As evidence of Mittleman's failure, the memo points to his behavior in two high-profile cases: the 1997 death of Patricia Mishcon, the wife of North Miami Beach Mayor Jeffrey Mishcon; and that of Tayveis Smith, an eight-month-old boy found dead in a North Miami-Dade apartment on July 13, 1998. A third case, the murder of Denise Tyree, is outlined in department documents and highlights lax enforcement of the rules, say several anonymous staffers.

Patricia Mishcon died of heart failure after taking the now-banned diet-drug combination Phen-Fen. Doctors at Columbia Aventura Hospital and Medical Center found traces of marijuana in her system. They delivered their results to the coroner's office, but Mittleman removed the marijuana reference. He later told SAO investigators he deleted it after determining the drug was not a factor in Mishcon's death. Mittleman also says he sought to spare her family unnecessary public embarrassment.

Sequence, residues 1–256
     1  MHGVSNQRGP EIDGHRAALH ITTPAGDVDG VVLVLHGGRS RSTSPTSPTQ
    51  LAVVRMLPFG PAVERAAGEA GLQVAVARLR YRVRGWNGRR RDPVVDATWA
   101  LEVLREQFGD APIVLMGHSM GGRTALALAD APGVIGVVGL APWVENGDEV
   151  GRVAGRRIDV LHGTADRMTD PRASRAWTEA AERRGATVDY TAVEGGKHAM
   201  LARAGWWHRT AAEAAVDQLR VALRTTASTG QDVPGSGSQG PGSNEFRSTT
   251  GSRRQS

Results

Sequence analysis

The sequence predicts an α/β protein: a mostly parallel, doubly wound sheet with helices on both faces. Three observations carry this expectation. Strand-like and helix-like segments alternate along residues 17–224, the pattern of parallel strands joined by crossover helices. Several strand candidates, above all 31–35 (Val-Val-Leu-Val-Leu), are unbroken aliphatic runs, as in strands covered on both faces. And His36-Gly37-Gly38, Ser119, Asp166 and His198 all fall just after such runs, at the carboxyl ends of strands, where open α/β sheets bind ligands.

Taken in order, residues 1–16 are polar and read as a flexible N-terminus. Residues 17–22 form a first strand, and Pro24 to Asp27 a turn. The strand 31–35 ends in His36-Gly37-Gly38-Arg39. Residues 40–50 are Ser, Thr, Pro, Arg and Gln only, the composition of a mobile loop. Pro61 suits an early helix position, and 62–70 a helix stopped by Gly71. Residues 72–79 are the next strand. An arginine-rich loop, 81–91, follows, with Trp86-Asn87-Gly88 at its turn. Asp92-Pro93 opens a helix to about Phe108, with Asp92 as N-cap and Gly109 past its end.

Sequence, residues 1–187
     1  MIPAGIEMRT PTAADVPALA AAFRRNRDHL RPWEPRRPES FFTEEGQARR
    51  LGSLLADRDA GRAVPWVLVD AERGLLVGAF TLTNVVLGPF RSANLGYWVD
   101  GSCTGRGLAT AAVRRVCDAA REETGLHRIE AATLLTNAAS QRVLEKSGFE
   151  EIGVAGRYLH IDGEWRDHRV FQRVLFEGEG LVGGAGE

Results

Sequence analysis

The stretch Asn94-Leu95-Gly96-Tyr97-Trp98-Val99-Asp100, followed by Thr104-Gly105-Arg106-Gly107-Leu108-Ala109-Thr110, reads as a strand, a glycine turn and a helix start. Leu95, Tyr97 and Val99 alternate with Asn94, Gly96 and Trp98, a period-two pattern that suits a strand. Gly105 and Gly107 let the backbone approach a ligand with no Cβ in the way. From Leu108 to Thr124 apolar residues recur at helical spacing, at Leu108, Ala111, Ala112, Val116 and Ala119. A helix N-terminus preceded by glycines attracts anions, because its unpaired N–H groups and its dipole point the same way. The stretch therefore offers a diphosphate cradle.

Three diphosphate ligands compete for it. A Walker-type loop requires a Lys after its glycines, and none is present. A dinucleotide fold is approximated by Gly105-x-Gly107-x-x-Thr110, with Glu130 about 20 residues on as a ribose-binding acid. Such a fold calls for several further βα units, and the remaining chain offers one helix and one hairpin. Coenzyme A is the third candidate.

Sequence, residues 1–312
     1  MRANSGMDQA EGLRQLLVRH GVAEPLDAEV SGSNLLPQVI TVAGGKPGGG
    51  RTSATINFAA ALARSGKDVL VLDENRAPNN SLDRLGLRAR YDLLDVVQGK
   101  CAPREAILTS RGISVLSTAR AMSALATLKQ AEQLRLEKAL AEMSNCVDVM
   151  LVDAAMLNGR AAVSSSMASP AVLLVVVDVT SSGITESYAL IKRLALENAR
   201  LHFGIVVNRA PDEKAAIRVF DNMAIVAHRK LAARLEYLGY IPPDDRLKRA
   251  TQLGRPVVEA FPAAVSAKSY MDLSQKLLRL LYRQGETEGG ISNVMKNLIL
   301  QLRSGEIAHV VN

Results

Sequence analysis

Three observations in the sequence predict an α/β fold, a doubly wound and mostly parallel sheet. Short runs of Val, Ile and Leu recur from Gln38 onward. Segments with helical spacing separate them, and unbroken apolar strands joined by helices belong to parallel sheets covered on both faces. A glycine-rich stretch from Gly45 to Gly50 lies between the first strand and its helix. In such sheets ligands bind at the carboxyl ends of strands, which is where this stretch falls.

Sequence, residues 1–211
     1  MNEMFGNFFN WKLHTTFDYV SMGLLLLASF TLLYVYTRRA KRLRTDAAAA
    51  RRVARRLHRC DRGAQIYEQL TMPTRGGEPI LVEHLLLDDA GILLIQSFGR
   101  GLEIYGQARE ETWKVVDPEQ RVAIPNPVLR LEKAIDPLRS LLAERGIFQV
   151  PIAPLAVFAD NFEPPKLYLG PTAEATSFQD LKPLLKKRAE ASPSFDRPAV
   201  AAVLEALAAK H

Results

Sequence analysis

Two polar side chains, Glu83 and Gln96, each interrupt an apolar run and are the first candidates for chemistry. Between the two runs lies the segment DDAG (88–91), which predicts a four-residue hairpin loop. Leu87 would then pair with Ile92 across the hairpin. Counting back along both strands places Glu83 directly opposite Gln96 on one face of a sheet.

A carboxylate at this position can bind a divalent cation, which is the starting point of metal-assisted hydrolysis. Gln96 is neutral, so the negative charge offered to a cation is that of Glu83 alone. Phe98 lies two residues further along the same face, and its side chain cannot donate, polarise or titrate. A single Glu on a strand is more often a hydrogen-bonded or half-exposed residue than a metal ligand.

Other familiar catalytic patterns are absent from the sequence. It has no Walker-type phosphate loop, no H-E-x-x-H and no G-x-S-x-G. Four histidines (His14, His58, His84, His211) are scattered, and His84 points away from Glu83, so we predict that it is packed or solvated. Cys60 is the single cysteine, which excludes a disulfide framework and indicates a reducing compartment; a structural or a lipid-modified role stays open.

An SAO investigation determined the public-records law was not violated because the marijuana reference remained in medical documents attached to the report. Assistant State Attorney Howard Rosen did criticize Mittleman's judgment in the case, noting that the department must "maintain accurate and complete public records."

Complaints stemming from the episode were also filed with the state Medical Examiners Commission in Pinellas County, which regulates medical examiners across the state, and the Florida Department of Professional Regulation in Tallahassee, which licenses medical examiners. Neither agency took action.

Mittleman apologized for the deletion. He says he had never done such a thing before and vowed never to do it again. "Some of the doctors may have not liked that issue," Mittleman admits.